Carrillo B.,University of Barcelona |
Gomez-Gil E.,University of Barcelona |
And 6 more authors.
Journal of Psychiatric Research | Year: 2011
Background: Diffusion tensor imaging (DTI) has been shown to be sensitive in detecting white matter differences between sexes. Before cross-sex hormone treatment female to male transsexuals (FtM) differ from females but not from males in several brain fibers. The purpose of this paper is to investigate whether white matter patterns in male to female (MtF) transsexuals before commencing cross-sex hormone treatment are also more similar to those of their biological sex or whether they are more similar to those of their gender identity. Method: DTI was performed in 18 MtF transsexuals and 19 male and 19 female controls scanned with a 3 T Trio Tim Magneton. Fractional anisotropy (FA) was performed on white matter of the whole brain, which was spatially analyzed using Tract-Based Spatial Statistics. Results: MtF transsexuals differed from both male and female controls bilaterally in the superior longitudinal fasciculus, the right anterior cingulum, the right forceps minor, and the right corticospinal tract. Conclusions: Our results show that the white matter microstructure pattern in untreated MtF transsexuals falls halfway between the pattern of male and female controls. The nature of these differences suggests that some fasciculi do not complete the masculinization process in MtF transsexuals during brain development. © 2010 Elsevier Ltd. Source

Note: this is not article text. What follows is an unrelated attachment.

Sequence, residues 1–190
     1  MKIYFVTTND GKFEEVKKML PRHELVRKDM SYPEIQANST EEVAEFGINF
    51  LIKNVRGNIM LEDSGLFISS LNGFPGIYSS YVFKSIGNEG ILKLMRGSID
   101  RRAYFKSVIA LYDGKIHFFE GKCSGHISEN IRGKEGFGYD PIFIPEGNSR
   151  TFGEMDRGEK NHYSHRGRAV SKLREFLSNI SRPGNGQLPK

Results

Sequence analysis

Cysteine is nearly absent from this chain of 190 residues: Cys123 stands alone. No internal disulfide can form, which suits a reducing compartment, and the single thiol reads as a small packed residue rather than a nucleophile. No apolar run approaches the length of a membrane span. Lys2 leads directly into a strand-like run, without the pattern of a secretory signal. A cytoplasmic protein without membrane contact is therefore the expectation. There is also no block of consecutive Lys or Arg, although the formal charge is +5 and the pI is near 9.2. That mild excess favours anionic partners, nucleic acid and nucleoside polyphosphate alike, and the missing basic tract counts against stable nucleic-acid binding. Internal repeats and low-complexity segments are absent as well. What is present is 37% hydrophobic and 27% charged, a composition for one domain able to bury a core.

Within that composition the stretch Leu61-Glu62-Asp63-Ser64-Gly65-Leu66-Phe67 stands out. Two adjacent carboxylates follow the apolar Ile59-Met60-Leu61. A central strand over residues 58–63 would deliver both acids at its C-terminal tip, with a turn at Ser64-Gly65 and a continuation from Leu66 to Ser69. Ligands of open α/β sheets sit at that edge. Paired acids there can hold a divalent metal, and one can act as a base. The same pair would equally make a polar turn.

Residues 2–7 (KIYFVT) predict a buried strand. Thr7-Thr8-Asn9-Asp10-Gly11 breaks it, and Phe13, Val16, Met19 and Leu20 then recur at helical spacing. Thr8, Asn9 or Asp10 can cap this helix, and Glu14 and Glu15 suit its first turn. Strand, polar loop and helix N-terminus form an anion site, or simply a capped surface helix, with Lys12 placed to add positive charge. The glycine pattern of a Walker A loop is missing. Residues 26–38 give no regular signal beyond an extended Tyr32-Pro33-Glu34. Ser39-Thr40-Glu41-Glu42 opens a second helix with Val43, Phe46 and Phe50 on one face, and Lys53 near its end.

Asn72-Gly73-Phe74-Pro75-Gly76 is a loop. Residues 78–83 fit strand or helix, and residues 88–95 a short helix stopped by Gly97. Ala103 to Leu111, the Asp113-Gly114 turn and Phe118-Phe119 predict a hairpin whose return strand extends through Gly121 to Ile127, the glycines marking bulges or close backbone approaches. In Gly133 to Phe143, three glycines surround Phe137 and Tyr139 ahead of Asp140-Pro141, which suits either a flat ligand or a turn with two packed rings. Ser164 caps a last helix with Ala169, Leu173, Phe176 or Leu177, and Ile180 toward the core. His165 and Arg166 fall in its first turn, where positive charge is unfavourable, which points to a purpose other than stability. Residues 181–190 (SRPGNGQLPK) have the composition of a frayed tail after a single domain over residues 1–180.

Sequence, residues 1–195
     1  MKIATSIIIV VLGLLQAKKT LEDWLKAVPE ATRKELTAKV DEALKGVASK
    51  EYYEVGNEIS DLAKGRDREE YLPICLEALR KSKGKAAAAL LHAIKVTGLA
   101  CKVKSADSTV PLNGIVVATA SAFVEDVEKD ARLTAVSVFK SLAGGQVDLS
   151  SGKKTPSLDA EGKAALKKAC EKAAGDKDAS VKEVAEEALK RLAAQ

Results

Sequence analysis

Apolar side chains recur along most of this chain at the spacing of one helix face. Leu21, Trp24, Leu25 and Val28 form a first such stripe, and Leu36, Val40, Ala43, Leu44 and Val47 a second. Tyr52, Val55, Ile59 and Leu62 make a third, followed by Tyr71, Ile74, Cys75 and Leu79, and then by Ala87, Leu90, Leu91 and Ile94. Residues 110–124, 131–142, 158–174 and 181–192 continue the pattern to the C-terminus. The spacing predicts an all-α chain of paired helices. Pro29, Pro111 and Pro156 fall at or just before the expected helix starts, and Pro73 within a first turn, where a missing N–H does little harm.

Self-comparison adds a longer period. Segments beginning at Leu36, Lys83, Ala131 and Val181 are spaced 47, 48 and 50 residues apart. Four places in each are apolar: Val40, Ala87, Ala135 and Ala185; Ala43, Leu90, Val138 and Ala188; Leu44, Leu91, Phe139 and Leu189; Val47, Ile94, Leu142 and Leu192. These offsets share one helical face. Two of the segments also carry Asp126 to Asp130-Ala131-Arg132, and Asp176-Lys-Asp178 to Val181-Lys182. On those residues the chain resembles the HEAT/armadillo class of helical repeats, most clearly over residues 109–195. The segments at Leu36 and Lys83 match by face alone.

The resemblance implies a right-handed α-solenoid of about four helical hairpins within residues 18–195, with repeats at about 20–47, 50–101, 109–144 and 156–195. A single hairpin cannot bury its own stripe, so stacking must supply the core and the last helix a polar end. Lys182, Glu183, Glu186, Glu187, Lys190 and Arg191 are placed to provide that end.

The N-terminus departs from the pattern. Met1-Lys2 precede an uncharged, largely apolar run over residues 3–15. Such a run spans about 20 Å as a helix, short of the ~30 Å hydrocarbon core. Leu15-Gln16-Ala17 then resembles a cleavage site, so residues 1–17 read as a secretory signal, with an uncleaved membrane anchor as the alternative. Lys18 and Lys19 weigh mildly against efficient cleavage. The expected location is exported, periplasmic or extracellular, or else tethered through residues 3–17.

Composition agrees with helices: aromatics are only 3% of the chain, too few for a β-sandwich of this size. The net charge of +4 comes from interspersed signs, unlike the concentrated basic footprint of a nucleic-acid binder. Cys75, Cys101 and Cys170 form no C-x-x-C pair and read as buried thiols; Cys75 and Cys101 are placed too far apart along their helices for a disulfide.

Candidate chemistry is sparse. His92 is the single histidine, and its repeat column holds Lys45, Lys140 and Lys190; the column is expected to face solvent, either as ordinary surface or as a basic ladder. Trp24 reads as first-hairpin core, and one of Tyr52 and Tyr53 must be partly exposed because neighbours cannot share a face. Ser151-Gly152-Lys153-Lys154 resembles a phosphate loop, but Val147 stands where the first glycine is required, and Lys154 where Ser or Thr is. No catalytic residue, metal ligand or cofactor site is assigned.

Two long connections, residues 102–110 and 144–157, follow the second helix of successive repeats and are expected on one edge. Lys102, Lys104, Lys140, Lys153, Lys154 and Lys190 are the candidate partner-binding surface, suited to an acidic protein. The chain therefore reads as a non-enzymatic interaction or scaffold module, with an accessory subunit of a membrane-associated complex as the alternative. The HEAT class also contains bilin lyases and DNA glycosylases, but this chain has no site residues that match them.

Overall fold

Lopez-Pelayo H.,Clinical Institute of Neuroscience |
Batalla A.,Clinical Institute of Neuroscience |
Batalla A.,University of Barcelona |
Balcells M.M.,Clinical Institute of Neuroscience |
And 2 more authors.
Psychological Medicine | Year: 2015
Background. Cannabis use and misuse have become a public health problem. There is a need for reliable screening and assessment tools to identify harmful cannabis use at an early stage. We conducted a systematic review of published instruments used to screen and assess cannabis use disorders. Method. We included papers published until January 2013 from seven different databases, following the PRISMA guidelines and a predetermined set of criteria for article selection. Only tools including a quantification of cannabis use and/or a measurement of the severity of dependence were considered. Results. We identified 34 studies, of which 25 included instruments that met our inclusion criteria: 10 scales to assess cannabis use disorders, seven structured interviews, and eight tools to quantify cannabis use. Both cannabis and substance use scales showed good reliability and were validated in specific populations. Structured interviews were also reliable and showed good validity parameters. Common limitations were inadequate time-frames for screening, lack of brevity, undemonstrated validity for some populations (e.g. psychiatric patients, female gender, adolescents), and lack of relevant information that would enable routine use (e.g. risky use, regular users). Instruments to quantify consumption did not measure grams of the psychoactive compounds, which hampered comparability among different countries or regions where tetrahydrocannabinol concentrations may differ. Conclusions. Current instruments available for assessing cannabis use disorders need to be further improved. A standard cannabis unit should be studied and existing instruments should be adapted to this standard unit in order to improve cannabis use assessment. Copyright © Cambridge University Press 2014. Source